Yonkers Republican Party chief Zehy Jereis bribed Democratic Councilwoman Sandy Annabi with nearly $200,000 in cash and gifts in a scheme to sell her council vote, including her decisive vote on the controversial $600 million Ridge Hill project.
A federal jury's conviction of the pair after five days of deliberation in Manhattan leaves Annabi facing up to 161 years in prison and Jereis facing up to 65 years.
The guilty verdicts mean federal prosecutors have secured six convictions of elected officials and political power players in the Hudson Valley in the past 16 months.
After the verdict, U.S. Attorney Preet Bharara said federal investigators were not finished.
"These guilty verdicts are yet another clarion call to corrupt public officials and those who contemplate buying their influence," Bharara said, "that we will do everything within our power to root out, prosecute and punish this conduct."
Jereis was a one-time protege of former Republican state Sen. Nicholas Spano of Yonkers, as was Anthony Mangone, a politically connected lawyer who pleaded guilty in November 2010 to corruption and tax charges. Mangone signed a cooperation agreement with federal prosecutors and testified against Annabi and Jereis.
In December 2010, former Republican state Sen. Vincent Leibell III, whose district encompassed all of Putnam County, pleaded guilty to obstruction of justice and tax evasion. Leibell had won election as Putnam County executive a month before his guilty plea. He was sentenced to 21 months in prison.
Last September, Leibell's chief of staff, Raymond Maguire, pleaded guilty to obstruction of justice. He was sentenced to four months in prison and four months of house arrest.
Annabi and Jereis were convicted of all charges, including conspiring on bribes to assure her vote in favor of the Ridge Hill project and a smaller project, the Longfellow School project, which never got off the ground.
The Ridge Hill development was a fiercely contested proposal to develop an 80-acre piece of land off the Sprain Brook Parkway in Yonkers. The mixed-use, commercial and residential development led to a sharp divide in the city council, with Annabi joining other council members in a civil lawsuit to stop the project.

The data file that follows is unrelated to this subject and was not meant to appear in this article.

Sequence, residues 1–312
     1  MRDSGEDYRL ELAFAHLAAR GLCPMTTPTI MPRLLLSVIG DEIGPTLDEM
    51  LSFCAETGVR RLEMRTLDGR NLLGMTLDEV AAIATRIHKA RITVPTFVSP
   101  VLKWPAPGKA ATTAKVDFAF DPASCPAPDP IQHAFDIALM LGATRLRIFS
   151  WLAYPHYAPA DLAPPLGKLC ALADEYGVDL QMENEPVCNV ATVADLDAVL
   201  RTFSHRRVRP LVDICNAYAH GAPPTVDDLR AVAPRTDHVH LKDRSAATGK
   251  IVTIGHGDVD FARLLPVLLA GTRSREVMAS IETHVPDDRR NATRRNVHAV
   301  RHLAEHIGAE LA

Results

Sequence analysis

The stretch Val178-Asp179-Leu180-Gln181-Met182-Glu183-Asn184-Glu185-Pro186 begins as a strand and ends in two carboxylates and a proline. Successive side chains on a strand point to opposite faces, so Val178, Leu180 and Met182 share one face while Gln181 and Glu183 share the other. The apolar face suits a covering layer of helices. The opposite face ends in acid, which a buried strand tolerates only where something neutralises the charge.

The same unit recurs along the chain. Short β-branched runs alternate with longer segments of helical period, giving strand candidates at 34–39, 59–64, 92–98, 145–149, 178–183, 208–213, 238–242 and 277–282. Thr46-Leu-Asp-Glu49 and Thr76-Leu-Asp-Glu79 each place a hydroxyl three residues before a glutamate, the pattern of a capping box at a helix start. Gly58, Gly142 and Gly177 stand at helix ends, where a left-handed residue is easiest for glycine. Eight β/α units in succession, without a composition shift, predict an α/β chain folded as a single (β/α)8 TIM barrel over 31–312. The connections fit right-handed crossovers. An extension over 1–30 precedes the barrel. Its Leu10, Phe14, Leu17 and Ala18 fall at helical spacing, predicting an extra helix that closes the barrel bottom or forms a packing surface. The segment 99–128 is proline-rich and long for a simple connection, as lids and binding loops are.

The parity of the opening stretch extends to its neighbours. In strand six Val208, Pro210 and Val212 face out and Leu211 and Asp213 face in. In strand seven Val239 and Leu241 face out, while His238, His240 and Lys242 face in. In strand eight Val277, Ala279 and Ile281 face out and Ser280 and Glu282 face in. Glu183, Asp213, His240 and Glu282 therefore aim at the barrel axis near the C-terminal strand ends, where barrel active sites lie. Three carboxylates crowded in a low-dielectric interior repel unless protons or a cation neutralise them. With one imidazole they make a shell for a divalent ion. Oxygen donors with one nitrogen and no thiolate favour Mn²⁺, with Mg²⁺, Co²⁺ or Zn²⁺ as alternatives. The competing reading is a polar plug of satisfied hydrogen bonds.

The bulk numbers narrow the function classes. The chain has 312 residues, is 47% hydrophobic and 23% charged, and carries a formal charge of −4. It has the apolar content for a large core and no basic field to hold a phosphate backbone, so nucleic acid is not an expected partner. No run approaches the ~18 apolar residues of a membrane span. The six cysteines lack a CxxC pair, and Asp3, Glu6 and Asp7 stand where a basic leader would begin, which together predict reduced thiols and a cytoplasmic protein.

The developer, Forest City Ratner, enlisted Michael Spano -- the brother of Nicholas Spano and now mayor of Yonkers -- and Republican lobbyist Albert Pirro Jr. in its efforts to persuade the council to pass the project.
But it was only after Jereis met with representatives of Forest City Ratner in May 2006 that Annabi changed her vote.
She announced the change in her vote in June 2006, guaranteeing it would have the five council votes it needed -- a so-called super majority -- for approval. Federal prosecutors said the release announcing her switch was prepared by Jereis and representatives of Forest City Ratner. Jereis had an agreement with the developer's representatives that he would be given a consultant job after Annabi switched her vote.
Jereis had given Annabi $174,000 in gifts and cash, including payments on student loans and money for real estate purchases beginning in 2001, prosecutors said.
In court, Jereis said he was showering her with gifts out of love, not as bribes.
But federal prosecutors dismissed that notion -- and emails between Jereis and Annabi -- as a ruse.
"The only love these two shared was a love of money," Assistant U.S. Attorney Perry Carbone said.
Lawyers for Annabi and Jereis said they plan to ask McMahon to set aside the verdict. If that fails, they plan to appeal.
"I just don't think the government proved its case," said William Aronwald, Annabi's lawyer.
The Associated Press contributed information to this report.